Dewey went back to the farm, scrounged up all of the money he had, and also sold a couple of guns from his treasured firearm collection. He went back to New York, where Gagliano gave him a letter to show to anyone who tried to take away the farm. Dewey forked over the $100.

When his now ex-wife and her lawyers showed up to throw out Dewey, he presented them with the letter. The lawyer who read it turned white, then started sweating. He said that Gagliano was linked to organized crime.

The letter threatened to counter-sue Dewey’s ex-wife and tie up the divorce in court for years. The lawyer reasoned that the legal fees eventually would be more than the value of the farm. So, they withdrew the claim and settled the divorce.

Dewey’s whereabouts after about 1957 are a mystery. There have been reports of an individual strongly resembling Dewey appearing in the 2010s. There is an urban legend that Dewey’s brother, Huey, a government scientist, invented a time machine. In the 2010s, Dewey’s distant cousin Tim has been known to tell stories of Dewey’s 21st century activities.

This page consists of the “Dewey Chronicles,” a serial series of Dewey’s adventures. There also are audio clips of a radio interview that Dewey did in New York.

Here are the Dewey Chronicles!

What appears to be a fun getaway with his new girlfriend turns into danger for Dewey and Freda!

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Dewey and Freda are taken by the mysterious agents, and Dewey must find a way to escape!

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Dewey finds himself surrounded by the U.S. Army!

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Dewey learns what’s behind the strange events.

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Dewey prepares to leave on his mission.

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Dewey gets stopped for speeding.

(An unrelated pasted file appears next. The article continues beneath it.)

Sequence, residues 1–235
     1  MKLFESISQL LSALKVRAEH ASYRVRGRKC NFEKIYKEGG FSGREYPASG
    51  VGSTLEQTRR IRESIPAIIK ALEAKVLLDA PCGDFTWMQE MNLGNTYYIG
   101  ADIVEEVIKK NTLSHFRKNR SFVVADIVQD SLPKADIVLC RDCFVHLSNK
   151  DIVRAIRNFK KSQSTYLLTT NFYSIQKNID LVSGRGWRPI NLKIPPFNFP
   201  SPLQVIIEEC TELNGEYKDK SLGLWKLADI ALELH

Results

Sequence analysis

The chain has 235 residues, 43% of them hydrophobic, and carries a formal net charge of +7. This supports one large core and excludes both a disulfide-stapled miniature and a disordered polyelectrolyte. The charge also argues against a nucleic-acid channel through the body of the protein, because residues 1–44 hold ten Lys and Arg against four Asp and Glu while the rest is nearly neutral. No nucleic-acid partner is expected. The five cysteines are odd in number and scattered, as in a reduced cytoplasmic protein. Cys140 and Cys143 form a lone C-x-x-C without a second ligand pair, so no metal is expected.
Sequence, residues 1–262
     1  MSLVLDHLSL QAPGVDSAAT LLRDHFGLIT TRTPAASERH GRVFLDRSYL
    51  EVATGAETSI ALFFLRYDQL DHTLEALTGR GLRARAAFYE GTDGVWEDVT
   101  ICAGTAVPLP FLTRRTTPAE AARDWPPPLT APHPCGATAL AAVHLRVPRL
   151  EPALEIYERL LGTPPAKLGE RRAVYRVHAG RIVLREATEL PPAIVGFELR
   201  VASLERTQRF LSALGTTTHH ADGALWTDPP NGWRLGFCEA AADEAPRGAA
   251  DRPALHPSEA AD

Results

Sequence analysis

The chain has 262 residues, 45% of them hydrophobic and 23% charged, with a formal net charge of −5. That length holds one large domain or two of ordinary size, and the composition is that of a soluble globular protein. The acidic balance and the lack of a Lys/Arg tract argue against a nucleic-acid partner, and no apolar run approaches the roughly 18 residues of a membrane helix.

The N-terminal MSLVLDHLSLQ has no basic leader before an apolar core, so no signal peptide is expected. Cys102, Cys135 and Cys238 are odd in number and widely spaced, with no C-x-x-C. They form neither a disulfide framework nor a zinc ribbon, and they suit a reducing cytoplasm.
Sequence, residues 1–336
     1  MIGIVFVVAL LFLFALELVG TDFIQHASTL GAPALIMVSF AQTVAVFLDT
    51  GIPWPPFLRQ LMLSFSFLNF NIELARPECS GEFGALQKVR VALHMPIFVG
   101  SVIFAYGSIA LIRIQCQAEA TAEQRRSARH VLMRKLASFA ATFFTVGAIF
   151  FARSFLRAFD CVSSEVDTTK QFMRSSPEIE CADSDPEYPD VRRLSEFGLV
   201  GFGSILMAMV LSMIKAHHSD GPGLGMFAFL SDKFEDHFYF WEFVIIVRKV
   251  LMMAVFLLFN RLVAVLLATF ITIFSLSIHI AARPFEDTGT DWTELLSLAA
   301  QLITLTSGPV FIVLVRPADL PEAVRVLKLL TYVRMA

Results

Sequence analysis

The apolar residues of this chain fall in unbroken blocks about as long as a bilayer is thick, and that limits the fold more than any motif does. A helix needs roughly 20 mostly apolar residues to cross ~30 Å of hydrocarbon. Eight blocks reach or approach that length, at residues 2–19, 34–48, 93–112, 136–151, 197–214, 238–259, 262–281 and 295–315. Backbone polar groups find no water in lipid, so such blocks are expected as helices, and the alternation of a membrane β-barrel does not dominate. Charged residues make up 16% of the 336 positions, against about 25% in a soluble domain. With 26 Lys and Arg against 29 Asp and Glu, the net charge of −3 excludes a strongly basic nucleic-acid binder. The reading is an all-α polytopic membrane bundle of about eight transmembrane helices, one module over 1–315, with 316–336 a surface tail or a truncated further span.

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Mysterious men try to run Dewey off of the road!

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Dewey and Irisha must share a motel room!

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Dewey calls for help!

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The finale: Dewey fights a Ninja assassin! The truth is revealed!

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The Dewey radio interview

Not many people know that Dewey once was interviewed on live radio in New York. The interviewer was the noted journalist Cameron Colston. Mr. Colston did a live daily interview show. One day, his interview subject cancelled at the last minute.

Desperate for an interview subject, Mr. Colston took to the streets. You never know who you will find walking the streets of New York. He saw Dewey staggering out of a bar. He asked him who he was and what he did. When he learned that Dewey was an actor and a writer, he figured he might make an interesting interview. After hearing the way Dewey talked, he also thought he could make a fool out of this southern hick.

Well, Mr. Colston greatly underestimated Dewey. Dewey shook off his hangover and expounded on a variety of topics: the Shakespearean play, Titus Andronicus, that he was appearing in; how he became a writer and an actor; his experiences with his ex-wife; and his general Dewey world view.

The radio station burned the tape of the interview. However, someone had made a tape off of the radio broadcast. The tape has surfaced and is being converted to digital audio. Short segments of the interview will be posted on this web page periodically.

The Dewey interview – part one

The Dewey interview – part two (and thankfully the last part)